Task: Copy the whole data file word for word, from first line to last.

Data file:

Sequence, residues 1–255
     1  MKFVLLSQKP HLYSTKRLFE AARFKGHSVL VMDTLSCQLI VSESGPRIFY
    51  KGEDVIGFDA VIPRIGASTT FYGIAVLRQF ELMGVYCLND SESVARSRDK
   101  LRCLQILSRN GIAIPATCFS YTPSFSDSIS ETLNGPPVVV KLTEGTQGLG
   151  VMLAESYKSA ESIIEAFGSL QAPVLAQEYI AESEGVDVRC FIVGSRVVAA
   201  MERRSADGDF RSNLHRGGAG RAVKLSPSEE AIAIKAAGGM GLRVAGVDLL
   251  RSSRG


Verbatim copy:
Sequence, residues 1–255
     1  MKFVLLSQKP HLYSTKRLFE AARFKGHSVL VMDTLSCQLI VSESGPRIFY
    51  KGEDVIGFDA VIPRIGASTT FYGIAVLRQF ELMGVYCLND SESVARSRDK
   101  LRCLQILSRN GIAIPATCFS YTPSFSDSIS ETLNGPPVVV KLTEGTQGLG
   151  VMLAESYKSA ESIIEAFGSL QAPVLAQEYI AESEGVDVRC FIVGSRVVAA
   201  MERRSADGDF RSNLHRGGAG RAVKLSPSEE AIAIKAAGGM GLRVAGVDLL
   251  RSSRG